x Abu Dhabi, UAE Thursday 20 July 2017

Dubai courts open for tours and public's verdict

In a bid to enhance trust in legal processes, the emirate's courts picked up on a Twitter follower's suggestion for tours of the judicial system¿s workings.

Dubai Courts organise regular tours of the building and justice system to underline its commitment to transparency. Christopher Pike / The National
Dubai Courts organise regular tours of the building and justice system to underline its commitment to transparency. Christopher Pike / The National

DUBAI // Have you ever wanted a close-up look at the courts system - without becoming a part of the process?

Now you can. Dubai Courts is organising monthly guided tours for the public to provide an insight into the justice system after a suggestion by one of the department's Twitter followers.

The initiative, called "Twitter Visit" ,aims to enhance trust in the legal system and underline its openness and transparency.

Although aimed mainly at the 4,000 Twitter followers of Dubai Courts, any resident or visitor to the UAE can also take part.

"The move is important for reiterating our open-door policy and our keenness to reach the public and have an exchange with them on their issues and concerns," said Ahmed Saeed bin Hazeem, general manager of Dubai Courts.

"It is also an opportunity for those interested to learn more about the UAE legal system."

Tours will take place on the final Wednesday of every month and last for two hours. Guides will speak Arabic, but translations in English and other languages will be available.

A video will show viewers the stages of development the courts have gone through since first being established at Al Naif fort. The video will also feature commentary by legal experts and senior court and law enforcement officials.

Mr bin Hazeem will meet participants and give them an overview of how the courts and the wider judicial system work.

"They will also meet a judge who will talk to them about his work and the challenges and difficulties he faces," said Mr bin Hazeem.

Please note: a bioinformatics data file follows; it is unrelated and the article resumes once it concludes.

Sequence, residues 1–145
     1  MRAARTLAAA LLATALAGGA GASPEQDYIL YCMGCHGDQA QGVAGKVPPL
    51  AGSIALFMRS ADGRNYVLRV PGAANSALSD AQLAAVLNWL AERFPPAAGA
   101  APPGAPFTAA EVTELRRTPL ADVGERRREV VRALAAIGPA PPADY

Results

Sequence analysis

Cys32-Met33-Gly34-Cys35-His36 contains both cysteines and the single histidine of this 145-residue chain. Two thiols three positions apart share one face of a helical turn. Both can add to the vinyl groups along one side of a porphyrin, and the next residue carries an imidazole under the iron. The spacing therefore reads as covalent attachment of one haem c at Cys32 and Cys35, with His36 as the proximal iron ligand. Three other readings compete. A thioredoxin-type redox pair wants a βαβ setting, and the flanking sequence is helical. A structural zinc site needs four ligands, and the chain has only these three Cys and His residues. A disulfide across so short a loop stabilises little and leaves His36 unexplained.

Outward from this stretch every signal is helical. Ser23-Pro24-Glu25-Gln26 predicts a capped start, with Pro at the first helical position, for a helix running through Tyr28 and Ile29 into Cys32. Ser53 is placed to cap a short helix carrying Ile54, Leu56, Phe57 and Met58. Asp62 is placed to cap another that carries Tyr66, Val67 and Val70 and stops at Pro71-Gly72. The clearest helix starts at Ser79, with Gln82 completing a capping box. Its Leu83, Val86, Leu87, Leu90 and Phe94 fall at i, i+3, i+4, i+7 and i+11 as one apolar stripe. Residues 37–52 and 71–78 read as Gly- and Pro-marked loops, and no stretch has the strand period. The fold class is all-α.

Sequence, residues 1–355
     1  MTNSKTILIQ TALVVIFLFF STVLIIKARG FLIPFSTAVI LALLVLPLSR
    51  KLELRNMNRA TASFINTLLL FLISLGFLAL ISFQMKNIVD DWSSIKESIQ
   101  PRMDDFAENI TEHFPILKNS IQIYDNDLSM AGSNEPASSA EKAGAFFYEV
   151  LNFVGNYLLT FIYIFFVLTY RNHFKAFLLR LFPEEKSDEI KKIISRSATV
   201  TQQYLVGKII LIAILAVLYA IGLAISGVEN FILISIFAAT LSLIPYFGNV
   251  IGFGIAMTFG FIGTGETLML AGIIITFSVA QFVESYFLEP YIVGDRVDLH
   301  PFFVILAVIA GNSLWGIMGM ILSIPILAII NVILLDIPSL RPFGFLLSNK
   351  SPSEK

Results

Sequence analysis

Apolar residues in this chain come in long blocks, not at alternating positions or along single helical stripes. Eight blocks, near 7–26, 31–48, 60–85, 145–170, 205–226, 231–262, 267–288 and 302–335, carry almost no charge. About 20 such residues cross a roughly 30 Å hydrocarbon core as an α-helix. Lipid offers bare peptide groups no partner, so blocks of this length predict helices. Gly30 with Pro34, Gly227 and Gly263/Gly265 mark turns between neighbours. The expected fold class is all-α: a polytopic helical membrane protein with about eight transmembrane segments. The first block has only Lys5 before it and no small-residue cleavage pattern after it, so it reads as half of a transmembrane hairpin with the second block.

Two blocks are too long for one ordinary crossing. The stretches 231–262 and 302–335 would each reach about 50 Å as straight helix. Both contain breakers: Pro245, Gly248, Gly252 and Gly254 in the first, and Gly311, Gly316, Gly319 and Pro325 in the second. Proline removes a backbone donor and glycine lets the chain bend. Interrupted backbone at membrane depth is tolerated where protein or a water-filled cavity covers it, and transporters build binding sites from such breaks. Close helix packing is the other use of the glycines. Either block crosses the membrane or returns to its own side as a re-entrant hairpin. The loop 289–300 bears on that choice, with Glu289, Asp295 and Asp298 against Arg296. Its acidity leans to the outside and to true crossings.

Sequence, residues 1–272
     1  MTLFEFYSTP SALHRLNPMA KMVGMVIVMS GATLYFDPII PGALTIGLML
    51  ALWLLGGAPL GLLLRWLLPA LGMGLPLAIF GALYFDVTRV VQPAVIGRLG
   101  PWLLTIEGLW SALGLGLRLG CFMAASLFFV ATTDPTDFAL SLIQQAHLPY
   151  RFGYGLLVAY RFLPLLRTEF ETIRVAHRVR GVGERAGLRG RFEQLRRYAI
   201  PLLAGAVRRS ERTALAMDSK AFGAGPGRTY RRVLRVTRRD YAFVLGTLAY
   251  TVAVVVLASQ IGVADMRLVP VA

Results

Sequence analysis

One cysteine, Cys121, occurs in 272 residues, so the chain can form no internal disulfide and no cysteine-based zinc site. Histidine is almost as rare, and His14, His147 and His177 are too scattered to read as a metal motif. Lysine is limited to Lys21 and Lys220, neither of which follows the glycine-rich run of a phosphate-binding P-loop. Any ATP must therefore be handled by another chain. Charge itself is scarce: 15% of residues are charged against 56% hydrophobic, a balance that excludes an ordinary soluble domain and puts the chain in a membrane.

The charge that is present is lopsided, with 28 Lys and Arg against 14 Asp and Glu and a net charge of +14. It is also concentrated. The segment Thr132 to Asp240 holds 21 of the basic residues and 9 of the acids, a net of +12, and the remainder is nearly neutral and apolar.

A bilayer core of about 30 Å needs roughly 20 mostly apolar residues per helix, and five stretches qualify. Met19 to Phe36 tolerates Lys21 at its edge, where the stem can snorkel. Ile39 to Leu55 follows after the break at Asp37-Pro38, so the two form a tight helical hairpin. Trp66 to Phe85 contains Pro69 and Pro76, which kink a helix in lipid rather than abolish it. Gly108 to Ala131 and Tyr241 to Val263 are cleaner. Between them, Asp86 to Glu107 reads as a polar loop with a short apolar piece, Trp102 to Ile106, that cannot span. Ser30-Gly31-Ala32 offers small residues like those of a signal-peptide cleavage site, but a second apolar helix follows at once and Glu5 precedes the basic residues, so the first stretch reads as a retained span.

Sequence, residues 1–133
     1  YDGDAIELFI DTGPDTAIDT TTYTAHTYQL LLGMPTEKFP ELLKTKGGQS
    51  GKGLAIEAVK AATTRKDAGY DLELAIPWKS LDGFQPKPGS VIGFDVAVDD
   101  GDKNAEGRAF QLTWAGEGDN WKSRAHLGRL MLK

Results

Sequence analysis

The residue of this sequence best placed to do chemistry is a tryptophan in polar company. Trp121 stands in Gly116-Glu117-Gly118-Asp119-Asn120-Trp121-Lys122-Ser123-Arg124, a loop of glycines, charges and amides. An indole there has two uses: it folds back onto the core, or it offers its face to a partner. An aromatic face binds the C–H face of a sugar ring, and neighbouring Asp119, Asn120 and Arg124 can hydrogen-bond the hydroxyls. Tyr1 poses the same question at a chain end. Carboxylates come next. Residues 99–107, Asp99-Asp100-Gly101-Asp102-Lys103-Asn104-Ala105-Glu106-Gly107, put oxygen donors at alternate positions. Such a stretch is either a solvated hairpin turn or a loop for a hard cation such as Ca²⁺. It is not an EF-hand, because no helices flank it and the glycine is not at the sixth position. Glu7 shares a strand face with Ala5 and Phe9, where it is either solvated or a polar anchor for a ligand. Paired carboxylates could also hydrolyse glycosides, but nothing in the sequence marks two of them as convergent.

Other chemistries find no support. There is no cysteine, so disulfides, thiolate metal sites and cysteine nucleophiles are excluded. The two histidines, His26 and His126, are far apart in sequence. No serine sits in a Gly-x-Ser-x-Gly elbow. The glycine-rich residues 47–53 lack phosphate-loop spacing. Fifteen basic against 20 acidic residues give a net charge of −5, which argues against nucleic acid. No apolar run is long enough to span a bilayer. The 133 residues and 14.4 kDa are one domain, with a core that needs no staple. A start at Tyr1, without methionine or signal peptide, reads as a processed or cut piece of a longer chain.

Participants will have ample opportunity to ask questions, he added.

"During these meetings we will be able to explain the vision behind the judicial apparatus, and why certain decisions or procedures are taken. We will explain why sometimes procedures are delayed.

"These conversations will create a higher level of transparency and will serve our open-door policy," he added.

He said that many people following the courts' Twitter feed had called for greater public access, but the suggestion of one follower, Ali Al Naqbi, had been a particularly powerful catalyst for change.

Mr Al Naqbi, 37, a Sharjah resident working at the Ministry of Interior, became active on Twitter about a year ago, and he has been closely following the Dubai Courts Twitter feed ever since.

"I noticed that many Twitter followers were interested in knowing more about Dubai courts, the way they operate and their achievements, including people from other GCC countries, so I came to think of this idea which was quickly picked up by the courts general manager who is personally very active on social media," he said.

"I believe that government entities should interact with the public, especially on social media, and this is something which Dubai court officials are becoming good at."

To register for a tour, email pr@dc.gov.ae, visit the court in person, or call the court on 04-3030680 during office hours.

 

wissa@thenational.ae